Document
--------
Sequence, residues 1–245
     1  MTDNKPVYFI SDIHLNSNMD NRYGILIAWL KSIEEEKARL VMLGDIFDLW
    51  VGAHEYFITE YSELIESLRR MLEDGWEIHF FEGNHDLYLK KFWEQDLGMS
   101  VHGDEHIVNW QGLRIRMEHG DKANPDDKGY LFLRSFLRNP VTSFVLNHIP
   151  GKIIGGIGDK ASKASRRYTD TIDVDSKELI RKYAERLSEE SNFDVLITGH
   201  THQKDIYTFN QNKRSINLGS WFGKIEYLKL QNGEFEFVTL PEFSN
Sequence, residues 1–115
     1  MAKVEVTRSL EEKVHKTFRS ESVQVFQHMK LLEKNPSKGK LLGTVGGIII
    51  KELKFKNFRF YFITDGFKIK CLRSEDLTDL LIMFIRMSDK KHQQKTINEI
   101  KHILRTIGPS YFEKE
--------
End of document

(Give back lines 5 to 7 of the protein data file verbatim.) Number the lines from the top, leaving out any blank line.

   151  GKIIGGIGDK ASKASRRYTD TIDVDSKELI RKYAERLSEE SNFDVLITGH
   201  THQKDIYTFN QNKRSINLGS WFGKIEYLKL QNGEFEFVTL PEFSN
Sequence, residues 1–115